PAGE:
Tuesday, September 27, 2005

Cultural Meaning

The Strauss and Quinn approach to cultural meaning was enlightening to me as I have never been exposed to this kind of approach before regarding thinking and learning. I have taken some anthropology courses but they have focused more on methodologies and research practices versus theories. I found that their theoretical chapters 1-5 made a much stronger argument for their connectionism framework to cultural meaning than the research studies in chapters 6-8. I got lost at various points in chapters 6-8 in all the examples they were giving and some of the circular logic. Plus, I did not understand why the authors kept saying in US marriage...but yet the authors never brought up any examples of how marriage is culturally understood in other countries/regions of the world. I was really hoping that they would bring this up as a point of comparison/argument... Did anyone find this to be a problem?

Overall, I thought their idea of how cultural meaning cannot be isolated and bounded made the connectionism approach more effective in my opinion. I found that the Strauss and Quinn book builds well on our previous texts in how we have come to realize how our minds work and I think this book helped me to understand how cognition is impacted by cultural meanings. They are internal as well as external from the schemas we create internally based on previous experiences we have had to the external environment in which cultural meanings are passed on from generation to generation. I found this approach has helped me have a more well-rounded view of cognition and learning.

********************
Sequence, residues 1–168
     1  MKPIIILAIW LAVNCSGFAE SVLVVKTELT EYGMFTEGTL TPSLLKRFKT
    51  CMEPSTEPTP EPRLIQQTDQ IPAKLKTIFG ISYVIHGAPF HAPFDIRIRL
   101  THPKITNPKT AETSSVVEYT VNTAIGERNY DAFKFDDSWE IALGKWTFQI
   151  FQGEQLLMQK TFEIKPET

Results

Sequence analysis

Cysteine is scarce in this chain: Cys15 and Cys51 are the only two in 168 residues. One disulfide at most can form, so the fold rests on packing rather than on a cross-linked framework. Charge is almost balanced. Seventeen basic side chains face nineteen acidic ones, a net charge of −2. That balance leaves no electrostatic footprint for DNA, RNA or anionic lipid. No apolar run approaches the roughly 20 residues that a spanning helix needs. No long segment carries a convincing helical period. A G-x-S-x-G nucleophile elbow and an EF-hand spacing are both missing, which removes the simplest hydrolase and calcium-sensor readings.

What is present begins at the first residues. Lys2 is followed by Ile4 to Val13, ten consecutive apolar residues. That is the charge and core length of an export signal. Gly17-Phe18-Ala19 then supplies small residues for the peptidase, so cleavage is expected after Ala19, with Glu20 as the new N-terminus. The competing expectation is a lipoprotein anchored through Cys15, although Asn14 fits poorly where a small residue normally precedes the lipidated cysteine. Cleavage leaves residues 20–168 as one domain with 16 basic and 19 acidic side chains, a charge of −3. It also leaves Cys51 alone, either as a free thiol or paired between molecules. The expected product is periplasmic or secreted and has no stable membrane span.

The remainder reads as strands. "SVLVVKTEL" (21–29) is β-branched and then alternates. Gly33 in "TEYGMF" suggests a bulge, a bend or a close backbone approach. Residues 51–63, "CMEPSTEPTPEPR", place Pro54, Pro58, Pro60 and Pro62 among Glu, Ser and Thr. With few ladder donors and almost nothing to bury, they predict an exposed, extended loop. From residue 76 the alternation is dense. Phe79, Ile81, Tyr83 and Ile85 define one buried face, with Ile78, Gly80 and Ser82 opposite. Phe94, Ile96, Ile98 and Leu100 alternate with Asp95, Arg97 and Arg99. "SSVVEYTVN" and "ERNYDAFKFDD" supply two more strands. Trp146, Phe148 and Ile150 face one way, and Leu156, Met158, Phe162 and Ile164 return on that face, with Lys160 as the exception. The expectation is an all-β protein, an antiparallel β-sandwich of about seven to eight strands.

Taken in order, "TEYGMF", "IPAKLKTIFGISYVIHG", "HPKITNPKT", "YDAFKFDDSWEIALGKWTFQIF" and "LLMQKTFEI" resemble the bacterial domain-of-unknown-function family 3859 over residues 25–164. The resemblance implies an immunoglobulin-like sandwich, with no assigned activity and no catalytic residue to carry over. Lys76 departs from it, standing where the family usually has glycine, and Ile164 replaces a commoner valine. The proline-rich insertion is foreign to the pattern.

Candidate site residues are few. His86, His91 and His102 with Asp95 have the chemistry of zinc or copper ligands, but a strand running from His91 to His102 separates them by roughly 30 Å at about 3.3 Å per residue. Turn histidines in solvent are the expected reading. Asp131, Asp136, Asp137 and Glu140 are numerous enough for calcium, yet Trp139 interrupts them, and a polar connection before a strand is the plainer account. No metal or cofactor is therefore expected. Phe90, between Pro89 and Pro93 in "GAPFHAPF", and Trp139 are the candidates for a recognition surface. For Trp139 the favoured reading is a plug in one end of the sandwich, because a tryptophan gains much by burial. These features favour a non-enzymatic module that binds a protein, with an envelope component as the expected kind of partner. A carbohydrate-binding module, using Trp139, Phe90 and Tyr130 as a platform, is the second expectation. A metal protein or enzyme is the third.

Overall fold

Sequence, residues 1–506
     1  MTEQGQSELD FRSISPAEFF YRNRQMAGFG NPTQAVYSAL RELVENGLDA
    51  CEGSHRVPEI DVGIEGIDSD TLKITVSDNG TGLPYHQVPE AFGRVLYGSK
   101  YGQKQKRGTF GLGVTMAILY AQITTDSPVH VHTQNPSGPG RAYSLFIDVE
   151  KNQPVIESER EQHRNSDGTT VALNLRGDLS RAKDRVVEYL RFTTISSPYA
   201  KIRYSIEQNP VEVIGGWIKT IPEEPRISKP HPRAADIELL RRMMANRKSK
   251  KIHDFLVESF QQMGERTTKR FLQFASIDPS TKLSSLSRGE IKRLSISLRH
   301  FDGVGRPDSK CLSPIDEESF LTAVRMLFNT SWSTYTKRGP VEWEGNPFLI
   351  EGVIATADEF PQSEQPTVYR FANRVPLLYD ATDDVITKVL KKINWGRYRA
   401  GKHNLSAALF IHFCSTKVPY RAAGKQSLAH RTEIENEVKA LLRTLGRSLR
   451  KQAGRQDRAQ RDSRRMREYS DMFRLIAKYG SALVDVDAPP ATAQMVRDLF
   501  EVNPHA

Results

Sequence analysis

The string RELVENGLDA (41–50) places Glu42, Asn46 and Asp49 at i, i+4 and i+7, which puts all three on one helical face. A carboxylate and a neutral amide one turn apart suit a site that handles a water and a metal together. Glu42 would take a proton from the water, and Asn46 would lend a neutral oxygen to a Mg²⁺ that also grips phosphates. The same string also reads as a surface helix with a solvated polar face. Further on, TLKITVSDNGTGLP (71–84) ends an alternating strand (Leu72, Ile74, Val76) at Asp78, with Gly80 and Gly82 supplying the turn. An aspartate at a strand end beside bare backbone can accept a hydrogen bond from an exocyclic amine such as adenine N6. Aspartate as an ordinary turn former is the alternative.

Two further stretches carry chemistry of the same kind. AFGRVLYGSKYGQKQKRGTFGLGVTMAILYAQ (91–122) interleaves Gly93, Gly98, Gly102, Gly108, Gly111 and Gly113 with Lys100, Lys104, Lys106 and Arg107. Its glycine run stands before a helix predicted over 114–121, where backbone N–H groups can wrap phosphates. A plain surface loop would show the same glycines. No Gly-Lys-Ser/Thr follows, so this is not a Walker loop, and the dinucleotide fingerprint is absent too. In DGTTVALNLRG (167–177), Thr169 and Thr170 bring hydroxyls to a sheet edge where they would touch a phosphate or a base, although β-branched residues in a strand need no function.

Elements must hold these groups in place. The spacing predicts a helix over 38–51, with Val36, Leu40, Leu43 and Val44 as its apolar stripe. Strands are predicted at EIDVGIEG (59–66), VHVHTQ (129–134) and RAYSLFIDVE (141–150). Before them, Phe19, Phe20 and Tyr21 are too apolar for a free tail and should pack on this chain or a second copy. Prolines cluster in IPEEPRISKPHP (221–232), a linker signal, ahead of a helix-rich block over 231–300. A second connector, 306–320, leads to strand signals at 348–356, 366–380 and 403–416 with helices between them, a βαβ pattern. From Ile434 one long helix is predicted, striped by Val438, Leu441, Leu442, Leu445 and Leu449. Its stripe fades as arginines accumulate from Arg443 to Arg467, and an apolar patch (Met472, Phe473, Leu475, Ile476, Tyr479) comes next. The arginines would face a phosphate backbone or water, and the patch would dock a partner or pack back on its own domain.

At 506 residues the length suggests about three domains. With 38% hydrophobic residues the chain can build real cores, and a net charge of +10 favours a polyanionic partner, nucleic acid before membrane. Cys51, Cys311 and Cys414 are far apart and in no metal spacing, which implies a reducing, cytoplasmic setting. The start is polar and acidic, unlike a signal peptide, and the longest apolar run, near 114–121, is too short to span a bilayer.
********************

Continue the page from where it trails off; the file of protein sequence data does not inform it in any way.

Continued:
One question that keeps coming to my mind with each text we read is how it relates to technology. I wonder how much our cultural meanings are now being transformed (or not?) through the software applications we use on a daily basis from the word processing tools we use to learn and create to the communication tools we use such as instant messenger and email. How does this impact our intrapersonal and extrapersonal realms as it relates to the cultural meanings we have or create?


Blogger Alison said...

AWS – About your last comment on how all this relates to technology….I keep feeling as though this class is turning into a walk down a path with landmines! First we get Fleck’s deconstruction of facts, then Lave & Wenger situating learning, Understanding Practices’ versions of learning in context and S & Q on the centripetal/centrifugal nature of culture. (don't get me wrong...it's all incredibly intellectually stimulating!)Try to imagine if you will: Fleck’s version of “what is technology?” – L&W on “Situated Technology” – Contextualizing Technology – S&Q on “A Cognitive theory on the role technology in cultural meaning.” Just some food for thought....your comment made me think :-)

10:58 AM  
Blogger IB said...

I think that technology today influences cultural meanings in two ways. First, it seems to me that cultural meanings are being transformed faster through means of today’s technology, including instant messaging, on-time news reports, the vast amount of information available on the internet and so on. Second, I assume that cultural meanings become broader and more flexible because we can communicate with our friends and colleagues all over the world and we can get information on what is going on in all parts of the world in a matter of seconds. Thus it seems to me, that today’s individuals are more prompted to compare and adjust their schemas due to this high turnover of information and the very direct world wide communication.

(Sorry, this is not so elaborate, but I’m in a bit of a hurry. I think your question is very interesting and it really stimulated me to think about the impact of technology on schemas and meaning making.)

12:56 PM  
Blogger gt said...

I also liked how Strauss & Quinn explained how schemas are recursively constructed and modified from our interaction with the culture. They have painted a much clearer and more complete picture with their interaction of the interpersonal with the extrapersonal.

2:19 PM  

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